To some people, banning certain food looks like making alcohol and tobacco illegal: eating habit is an individual peculiarity which may possibly cause certain diseases. Nevertheless, junk food cannot be compared to addictive substances regarding the effect it makes on one’s social environment: eating snacks is damaging only to the person who has decided to consume them while tobacco greatly affects second-hand smokers and alcohol induces socially dangerous behavior in people. From this perspective, banning junk food is a little exaggerated.
Fast food and street food certainly affect the health of the consumers, therefore it would be sensible to limit their range on the shelves of supermarkets. No doubt, it is more than a difficult task because junk food industry is enormous. It is also important to implement certification of fast food restaurants and close the establishments that neglect the quality of oil and other products. As we know, multiple usage of one and the same oil is the precise factor that makes fast food dangerous.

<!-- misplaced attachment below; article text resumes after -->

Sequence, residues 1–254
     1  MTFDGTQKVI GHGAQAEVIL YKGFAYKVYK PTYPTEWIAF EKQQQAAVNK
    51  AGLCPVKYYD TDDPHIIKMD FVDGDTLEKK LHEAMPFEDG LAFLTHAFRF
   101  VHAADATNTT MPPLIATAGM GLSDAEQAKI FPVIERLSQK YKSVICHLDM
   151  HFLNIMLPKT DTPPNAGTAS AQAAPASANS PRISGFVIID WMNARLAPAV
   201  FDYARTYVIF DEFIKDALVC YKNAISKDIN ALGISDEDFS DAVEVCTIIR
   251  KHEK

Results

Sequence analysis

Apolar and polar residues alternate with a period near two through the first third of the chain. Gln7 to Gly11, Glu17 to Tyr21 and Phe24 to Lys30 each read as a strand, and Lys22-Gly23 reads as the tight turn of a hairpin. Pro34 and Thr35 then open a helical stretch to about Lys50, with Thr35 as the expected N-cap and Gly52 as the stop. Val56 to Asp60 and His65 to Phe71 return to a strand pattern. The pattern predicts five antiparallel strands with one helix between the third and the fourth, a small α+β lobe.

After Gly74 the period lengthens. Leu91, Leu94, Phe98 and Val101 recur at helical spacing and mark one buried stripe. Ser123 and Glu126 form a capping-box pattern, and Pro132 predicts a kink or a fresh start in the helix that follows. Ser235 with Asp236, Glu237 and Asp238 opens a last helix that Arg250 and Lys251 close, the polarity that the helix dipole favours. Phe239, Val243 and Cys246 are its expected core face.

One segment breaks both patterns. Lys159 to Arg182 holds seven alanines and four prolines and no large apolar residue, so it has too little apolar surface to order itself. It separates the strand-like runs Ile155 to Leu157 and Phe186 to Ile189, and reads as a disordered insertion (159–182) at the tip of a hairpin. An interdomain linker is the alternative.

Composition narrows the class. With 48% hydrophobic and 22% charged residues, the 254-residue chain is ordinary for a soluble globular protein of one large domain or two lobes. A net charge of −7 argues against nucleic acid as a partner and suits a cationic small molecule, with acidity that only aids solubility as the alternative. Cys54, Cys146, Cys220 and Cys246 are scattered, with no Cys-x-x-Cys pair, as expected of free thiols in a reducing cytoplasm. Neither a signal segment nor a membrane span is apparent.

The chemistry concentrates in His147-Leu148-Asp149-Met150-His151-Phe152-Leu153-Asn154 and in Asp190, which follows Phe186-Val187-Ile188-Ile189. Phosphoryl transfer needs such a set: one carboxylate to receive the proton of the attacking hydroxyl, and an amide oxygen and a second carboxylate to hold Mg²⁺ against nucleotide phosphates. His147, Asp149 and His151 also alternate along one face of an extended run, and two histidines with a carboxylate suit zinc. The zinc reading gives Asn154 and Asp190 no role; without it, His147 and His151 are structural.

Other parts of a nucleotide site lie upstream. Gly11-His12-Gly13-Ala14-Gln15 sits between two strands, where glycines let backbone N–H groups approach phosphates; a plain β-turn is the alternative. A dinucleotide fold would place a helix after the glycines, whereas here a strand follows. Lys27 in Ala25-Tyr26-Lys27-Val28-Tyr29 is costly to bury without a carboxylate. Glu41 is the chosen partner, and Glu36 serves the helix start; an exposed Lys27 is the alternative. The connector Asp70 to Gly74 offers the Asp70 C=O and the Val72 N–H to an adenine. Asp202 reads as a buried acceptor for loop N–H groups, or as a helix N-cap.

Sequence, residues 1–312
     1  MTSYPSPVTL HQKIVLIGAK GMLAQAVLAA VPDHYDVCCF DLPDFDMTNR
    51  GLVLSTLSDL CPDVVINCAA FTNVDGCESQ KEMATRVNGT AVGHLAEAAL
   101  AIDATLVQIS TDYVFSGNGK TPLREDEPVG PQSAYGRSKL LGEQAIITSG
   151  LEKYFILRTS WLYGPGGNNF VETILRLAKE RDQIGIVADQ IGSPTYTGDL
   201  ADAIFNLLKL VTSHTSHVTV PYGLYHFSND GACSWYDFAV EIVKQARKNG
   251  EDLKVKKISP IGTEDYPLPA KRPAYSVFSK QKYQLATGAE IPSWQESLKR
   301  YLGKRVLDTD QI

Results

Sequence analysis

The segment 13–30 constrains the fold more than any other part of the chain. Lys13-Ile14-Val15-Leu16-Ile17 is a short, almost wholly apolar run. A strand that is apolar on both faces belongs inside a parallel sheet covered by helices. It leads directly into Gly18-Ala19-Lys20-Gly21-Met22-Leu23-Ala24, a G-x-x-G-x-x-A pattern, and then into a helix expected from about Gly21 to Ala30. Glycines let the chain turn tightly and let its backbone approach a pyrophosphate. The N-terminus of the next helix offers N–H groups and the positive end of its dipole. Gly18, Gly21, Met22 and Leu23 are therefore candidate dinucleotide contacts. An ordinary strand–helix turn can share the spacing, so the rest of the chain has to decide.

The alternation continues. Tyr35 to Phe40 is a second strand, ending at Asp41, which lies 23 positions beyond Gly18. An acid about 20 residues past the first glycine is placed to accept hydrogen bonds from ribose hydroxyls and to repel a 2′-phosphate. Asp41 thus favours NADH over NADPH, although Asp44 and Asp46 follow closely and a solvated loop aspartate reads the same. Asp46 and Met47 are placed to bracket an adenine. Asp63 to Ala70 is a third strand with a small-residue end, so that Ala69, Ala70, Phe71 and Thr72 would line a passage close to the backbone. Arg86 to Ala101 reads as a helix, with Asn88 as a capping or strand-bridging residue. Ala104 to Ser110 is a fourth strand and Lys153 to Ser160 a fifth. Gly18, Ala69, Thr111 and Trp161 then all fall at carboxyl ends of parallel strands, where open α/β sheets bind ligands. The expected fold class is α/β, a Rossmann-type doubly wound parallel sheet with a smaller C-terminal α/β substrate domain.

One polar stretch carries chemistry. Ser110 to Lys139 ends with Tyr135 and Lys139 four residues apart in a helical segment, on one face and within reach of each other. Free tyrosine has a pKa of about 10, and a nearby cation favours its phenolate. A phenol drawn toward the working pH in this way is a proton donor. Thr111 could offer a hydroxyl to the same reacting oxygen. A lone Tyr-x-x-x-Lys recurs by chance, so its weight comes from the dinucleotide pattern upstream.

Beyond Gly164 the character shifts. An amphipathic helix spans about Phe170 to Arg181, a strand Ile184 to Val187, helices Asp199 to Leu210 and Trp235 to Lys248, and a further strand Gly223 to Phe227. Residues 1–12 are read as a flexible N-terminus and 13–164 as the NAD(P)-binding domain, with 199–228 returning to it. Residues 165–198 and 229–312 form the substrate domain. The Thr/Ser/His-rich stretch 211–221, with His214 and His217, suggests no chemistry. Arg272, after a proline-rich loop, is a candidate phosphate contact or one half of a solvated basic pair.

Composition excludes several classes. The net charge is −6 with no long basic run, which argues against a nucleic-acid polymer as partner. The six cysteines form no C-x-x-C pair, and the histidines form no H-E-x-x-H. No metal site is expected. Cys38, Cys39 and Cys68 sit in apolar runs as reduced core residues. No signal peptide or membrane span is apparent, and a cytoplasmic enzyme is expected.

Certain restrictions in the retail of food are inevitable if officials take a course on diminishing obesity, diabetes, and cancer. On the other hand, junk food is not the only thing that makes us ill. Lifestyle diseases emerge from unhealthy habits that accompany us every day. Sedentary lifestyle and a lack of movement strongly affect metabolism and blood circulation. In a long term perspective, physical inactivity brings discomfort associated with the poor activity of stomach and stiffness of joints at the very least. It is possible to restrict the retail of junk food somehow, but the lifestyle and habits are entirely up to each of us.